Between a world-wide tour, a baby, a mogul husband and just being Beyoncé, it’s borderline unfathomable to think that Queen B found the time to release a fifth “visual album” featuring 14 songs, 17 music video and a star-studded list of celeb collaborators.
Of all the songs, one trash-talking beat, “Flawless,” really stands out for its powerful feminist lyrics and her sampling of words from famous Nigerian author, Chimamamda Ngozi Adichie.
The novelist has written extensively on topics, such as race, identity and Nigeria’s civil war. In the tune, “Flawless,” Beyoncé samples a poignant and clever TED Talk in which Adichie challenges gender norms and suggests “we should all be feminists.”
With Beyoncé’s thumping beat in the background, Adichie can be heard saying:
“We teach girls to shrink themselves, to make themselves smaller. We say to girls, you can have ambition, but not too much. You should aim to be successful, but not too successful. Otherwise, you would threaten the man. Because I am female, I am expected to aspire to marriage. I am expected to make my life choices always keeping in mind that marriage is the most important. Now marriage can be a source of joy and love and mutual support but why do we teach girls to aspire to marriage and we don’t teach boys the same? We raise girls to see each other as competitors not for jobs or accomplishments, which I think can be a good thing, but for the attention of men. We teach girls that they cannot be sexual beings in the way that boys are.”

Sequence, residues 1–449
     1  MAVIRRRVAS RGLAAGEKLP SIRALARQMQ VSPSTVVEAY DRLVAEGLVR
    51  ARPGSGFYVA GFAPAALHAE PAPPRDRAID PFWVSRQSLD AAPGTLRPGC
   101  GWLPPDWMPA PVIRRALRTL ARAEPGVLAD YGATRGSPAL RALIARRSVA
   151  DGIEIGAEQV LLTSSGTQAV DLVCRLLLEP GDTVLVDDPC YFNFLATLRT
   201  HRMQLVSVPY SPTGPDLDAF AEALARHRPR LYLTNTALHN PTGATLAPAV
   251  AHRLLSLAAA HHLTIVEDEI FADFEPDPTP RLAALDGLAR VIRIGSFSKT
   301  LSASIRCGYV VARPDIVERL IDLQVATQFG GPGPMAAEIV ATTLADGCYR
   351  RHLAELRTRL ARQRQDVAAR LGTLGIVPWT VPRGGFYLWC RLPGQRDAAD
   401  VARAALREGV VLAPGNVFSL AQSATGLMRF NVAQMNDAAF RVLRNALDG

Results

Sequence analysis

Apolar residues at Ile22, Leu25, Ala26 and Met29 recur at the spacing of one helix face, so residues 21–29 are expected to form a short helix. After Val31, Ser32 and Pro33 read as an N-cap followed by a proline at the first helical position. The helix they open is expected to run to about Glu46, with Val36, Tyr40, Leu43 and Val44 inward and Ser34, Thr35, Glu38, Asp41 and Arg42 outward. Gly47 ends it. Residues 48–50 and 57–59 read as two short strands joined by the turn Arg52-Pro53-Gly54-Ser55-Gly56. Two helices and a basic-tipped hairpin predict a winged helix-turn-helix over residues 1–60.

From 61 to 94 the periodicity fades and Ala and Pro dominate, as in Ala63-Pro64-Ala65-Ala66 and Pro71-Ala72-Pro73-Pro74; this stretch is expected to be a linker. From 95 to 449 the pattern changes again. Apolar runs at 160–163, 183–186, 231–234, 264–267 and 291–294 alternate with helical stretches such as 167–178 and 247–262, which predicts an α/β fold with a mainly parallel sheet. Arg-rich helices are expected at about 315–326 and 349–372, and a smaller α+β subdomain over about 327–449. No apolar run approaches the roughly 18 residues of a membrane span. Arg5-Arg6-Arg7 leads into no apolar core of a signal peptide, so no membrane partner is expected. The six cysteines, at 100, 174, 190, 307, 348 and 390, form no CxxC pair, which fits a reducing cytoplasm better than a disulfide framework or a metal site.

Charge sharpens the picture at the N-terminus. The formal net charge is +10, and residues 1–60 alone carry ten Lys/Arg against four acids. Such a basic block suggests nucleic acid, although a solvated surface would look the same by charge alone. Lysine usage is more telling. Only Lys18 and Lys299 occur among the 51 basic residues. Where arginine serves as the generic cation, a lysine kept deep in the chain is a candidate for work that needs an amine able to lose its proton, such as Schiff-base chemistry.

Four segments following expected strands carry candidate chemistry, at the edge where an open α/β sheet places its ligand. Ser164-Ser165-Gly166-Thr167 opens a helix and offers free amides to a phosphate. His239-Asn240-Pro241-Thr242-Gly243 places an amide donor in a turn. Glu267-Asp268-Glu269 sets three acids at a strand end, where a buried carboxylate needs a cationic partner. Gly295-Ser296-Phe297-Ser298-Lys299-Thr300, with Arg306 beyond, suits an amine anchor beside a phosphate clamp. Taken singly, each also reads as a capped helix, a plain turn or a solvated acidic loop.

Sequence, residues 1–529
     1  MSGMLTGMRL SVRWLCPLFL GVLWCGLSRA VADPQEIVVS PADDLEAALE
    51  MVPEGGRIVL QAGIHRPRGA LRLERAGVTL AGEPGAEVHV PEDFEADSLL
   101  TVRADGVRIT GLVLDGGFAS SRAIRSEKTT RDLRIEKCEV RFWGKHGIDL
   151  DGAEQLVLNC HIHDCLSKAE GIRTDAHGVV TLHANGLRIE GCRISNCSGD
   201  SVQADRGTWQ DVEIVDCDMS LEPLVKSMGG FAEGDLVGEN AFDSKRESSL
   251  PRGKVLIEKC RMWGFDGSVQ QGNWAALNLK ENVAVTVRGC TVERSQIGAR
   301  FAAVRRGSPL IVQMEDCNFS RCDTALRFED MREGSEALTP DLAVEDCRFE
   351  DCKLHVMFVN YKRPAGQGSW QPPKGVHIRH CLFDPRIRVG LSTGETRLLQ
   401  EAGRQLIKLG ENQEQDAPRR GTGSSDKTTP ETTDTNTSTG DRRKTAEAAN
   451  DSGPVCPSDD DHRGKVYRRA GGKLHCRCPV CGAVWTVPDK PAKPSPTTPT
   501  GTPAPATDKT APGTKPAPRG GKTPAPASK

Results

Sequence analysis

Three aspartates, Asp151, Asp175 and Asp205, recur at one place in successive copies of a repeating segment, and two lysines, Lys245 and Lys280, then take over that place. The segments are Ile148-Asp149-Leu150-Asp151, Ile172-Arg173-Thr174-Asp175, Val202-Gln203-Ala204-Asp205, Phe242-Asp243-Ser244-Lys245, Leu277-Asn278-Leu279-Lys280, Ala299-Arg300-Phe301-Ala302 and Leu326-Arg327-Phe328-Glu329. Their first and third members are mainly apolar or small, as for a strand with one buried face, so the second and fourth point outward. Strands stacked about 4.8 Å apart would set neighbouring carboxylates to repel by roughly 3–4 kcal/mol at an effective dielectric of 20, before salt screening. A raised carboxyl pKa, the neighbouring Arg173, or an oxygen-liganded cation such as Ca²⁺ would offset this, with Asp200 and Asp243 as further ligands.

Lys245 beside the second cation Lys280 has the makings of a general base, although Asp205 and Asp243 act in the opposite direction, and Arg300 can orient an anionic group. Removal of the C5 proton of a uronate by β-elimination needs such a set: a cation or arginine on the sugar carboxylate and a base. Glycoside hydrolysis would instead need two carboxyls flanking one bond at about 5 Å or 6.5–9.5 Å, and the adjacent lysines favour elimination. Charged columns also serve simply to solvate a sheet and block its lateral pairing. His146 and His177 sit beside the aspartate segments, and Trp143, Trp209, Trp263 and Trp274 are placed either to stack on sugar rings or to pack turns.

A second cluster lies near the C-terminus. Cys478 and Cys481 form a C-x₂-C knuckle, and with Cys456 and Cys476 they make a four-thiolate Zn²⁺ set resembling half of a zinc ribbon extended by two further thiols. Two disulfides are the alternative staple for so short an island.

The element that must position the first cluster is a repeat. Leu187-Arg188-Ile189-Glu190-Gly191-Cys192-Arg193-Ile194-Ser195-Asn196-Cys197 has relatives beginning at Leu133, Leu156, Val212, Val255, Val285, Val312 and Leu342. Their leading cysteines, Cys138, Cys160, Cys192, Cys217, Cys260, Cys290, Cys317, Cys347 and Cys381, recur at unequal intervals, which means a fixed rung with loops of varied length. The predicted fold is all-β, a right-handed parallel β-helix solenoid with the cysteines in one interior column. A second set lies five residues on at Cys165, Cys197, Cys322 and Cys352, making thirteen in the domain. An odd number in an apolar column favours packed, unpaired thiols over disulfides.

The most inspiring part, however, is when Queen B concludes the sample with Adichie’s definition of “feminist.” The Nigerian orator says, “Feminist: a person who believes in the social, political, economic equality of the sexes.”
It is interesting to note that no where in this definition does it include any mention of a particular gender, making this interpretation appealing and fitting for both sexes. Adichie’s definition is strong -- it strips the word “feminist” of any negative connotation and instead makes it about equality rather than the label. Her version argues that we should all be feminists.
It’s not the first time we’ve listened to Bey croon about empowering women. Her last track, “Run the World (Girls),” was an anthem-like chant calling for all women to take the reigns. In this latest album, released early Friday morning, the singer expounds upon marriage, sexuality and empowerment with the same trademark fierceness that we’ve come to expect from our beloved Queen B.
Even the video clip for “Flawless” is moving. Shot in black and white, Bey can be seen stomping out her bold dance moves in hot booty shorts, looking nothing less than flawless.
Singer, actress, dancer, mom, wife, designer, celebrity, leader...feminist -- add it to the ever growing list of reasons why we love Beyoncé.